The art of email


In sixth grade, I had a problem. Admittedly, I had a lot of worries, starting with the fact that no one told me not to comb curly hair. However, this particular problem was not related to grooming. Here I had a problem with a classmate in a group project, so I did something I had never done before: I emailed my teacher.

When I moved from Massachusetts to Santa Cruz, California, I felt mean compared to my other classmates. I attribute this to the cultural mismatch of being a Boston Jew in a surf town filled with “get out” parents and the kind of people who do couples yoga in public parks. In short, I was well equipped for some light drama in class.

It was a hate email, an email that documented my many blames and my partner’s many failures. It was a humble diagnosis of his failures, failures that impacted both me and the quality of our pre-algebra final. Granted, I don’t think it would have been good no matter how hard he tried, but if I fell, Matt fell even harder.

I remember walking into class the next day and my professor (who understandably had little confidence in my academic abilities) said, “That email was written at university level.” Perhaps as a result, I got a C on the project, ensuring that I passed the class.

This experience taught me the power of documenting the failures of my peers with callous disregard, but more importantly, it taught me the power of a well-written email.

I like to think that my email set off a domino effect of failures for Matt, resulting in a life that will never reach its full potential. In general, one of my biggest regrets about elementary school is not being meaner to people.

Email is one medium where it pays to be either relatively nice or meticulously cruel. I’m good at dramatizing things, a skill that comes from being so neurotic that every inconvenience feels like biblical punishment from Gd.

I was once hanging out with a friend from Harlem when I accidentally sent Venmo $15 to the wrong person. My reaction to this little incident elicited a response I’ll never forget: “I’ve never seen anyone freak out so much and I’ve seen people get shot.”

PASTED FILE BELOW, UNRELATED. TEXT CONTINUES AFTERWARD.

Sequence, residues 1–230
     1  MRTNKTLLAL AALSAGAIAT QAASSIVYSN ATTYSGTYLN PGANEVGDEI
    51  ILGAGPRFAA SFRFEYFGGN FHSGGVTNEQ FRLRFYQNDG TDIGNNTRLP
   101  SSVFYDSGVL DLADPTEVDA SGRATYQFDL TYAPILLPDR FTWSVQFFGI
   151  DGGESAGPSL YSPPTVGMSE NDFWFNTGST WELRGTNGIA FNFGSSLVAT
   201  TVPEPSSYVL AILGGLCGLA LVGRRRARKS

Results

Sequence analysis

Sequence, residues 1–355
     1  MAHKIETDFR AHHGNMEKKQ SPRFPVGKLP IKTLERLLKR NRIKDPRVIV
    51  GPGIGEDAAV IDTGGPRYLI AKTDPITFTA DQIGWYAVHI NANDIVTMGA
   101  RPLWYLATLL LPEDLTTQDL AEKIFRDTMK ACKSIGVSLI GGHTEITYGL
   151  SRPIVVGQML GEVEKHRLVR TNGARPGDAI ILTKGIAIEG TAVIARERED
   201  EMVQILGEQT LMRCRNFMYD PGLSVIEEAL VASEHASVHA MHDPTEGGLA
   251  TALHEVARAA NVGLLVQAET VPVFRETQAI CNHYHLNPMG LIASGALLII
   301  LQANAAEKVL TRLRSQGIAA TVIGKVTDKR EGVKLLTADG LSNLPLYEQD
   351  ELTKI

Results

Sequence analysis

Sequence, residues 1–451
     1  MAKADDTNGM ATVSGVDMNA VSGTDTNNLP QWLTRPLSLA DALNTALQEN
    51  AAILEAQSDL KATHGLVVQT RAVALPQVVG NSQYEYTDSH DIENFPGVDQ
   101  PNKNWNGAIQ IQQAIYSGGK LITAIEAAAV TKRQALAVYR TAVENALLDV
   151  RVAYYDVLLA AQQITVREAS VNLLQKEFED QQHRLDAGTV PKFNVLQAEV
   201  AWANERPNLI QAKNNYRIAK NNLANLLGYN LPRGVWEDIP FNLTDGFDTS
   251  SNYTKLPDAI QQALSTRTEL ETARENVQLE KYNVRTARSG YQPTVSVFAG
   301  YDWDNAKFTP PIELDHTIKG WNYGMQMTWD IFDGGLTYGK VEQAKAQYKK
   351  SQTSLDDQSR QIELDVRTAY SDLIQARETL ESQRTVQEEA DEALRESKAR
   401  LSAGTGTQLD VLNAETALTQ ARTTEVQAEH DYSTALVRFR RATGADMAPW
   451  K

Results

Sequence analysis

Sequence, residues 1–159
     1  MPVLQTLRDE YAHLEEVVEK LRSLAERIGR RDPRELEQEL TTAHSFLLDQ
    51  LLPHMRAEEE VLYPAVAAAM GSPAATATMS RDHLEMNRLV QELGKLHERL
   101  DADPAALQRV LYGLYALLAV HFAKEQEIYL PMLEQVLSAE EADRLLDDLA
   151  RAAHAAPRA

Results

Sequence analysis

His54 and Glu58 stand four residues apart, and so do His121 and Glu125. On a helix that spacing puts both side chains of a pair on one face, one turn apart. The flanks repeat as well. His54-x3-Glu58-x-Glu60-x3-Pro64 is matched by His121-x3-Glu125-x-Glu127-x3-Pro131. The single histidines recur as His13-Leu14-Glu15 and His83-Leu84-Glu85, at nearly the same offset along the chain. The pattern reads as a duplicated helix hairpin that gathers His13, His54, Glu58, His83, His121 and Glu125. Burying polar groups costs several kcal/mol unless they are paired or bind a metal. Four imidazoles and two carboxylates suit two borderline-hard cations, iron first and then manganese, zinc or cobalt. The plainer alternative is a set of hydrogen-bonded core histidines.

This inability to tell the difference between a small inconvenience and an emergency serves well in the field of email. Email correspondence should be dramatic. My neuroses lend themselves to this, allowing a trivial way to feel like an event so important it must be deliberated with the passion and urgency of TMZ covering Ezra Miller.

Correspondence was once an art-driven form, a feature that has become less salient as communication has become easier and, by extension, less deliberate. Part of me thinks this change was a mistake – like many, I enjoy receiving and writing letters. Being deliberate with your correspondence allows for new ideas and connections with others.

I recently received an email from my property manager regarding a noise complaint. I suspected the email was about me, as it referred to moving furniture, a crime of which I am guilty. It also contained a reference to trampling, a crime of which I am innocent. Adding insult to injury, this email was received in the midst of a dispute over my broken radiator, which was creating the coldest winter of my post-Massachusetts life.

The result was the worst email I have ever sent in my life.

Hello Gloria,

I don’t trample, I’m not a tramp. The floorboards do not creak under my weight. The pigeons do not move at the approach of my steps. I’m like a malnourished Bambi who bothers nothing and no one. I haven’t made a sound since 2007.

My downstairs neighbors, on the other hand, are the personification of Sarah Palin’s “drill, baby, drill” manifesto, rocking my apartment at odd hours of the night. They do this because they are sadistic, in the sexual sense. This may not be against a rental agreement, but it is in violation of Gd’s covenant with man.



Now, I maintain the structure of this email, which seems succinct but descriptive. It’s also filled with lies, which I think is the way one should communicate with landlords and property management. However, he didn’t receive a response, possibly because he was unbalanced and didn’t make much sense.

Being a good emailer can bring more rewards than you might expect. They could bring you a favorable outcome in a small conflict or make your co-workers think you’re nice. Today, many of us have people in our lives that we communicate with almost exclusively through email. Our correspondence therefore has a significant impact on how others perceive us, and therefore carries both risks and benefits.

Email can be an art, often requiring you to stay friendly and familiar to get what you want. I, on the other hand, sometimes choose to waive those standards, especially when speaking with a landlord.

Contact Ryan McCullough at [email protected].


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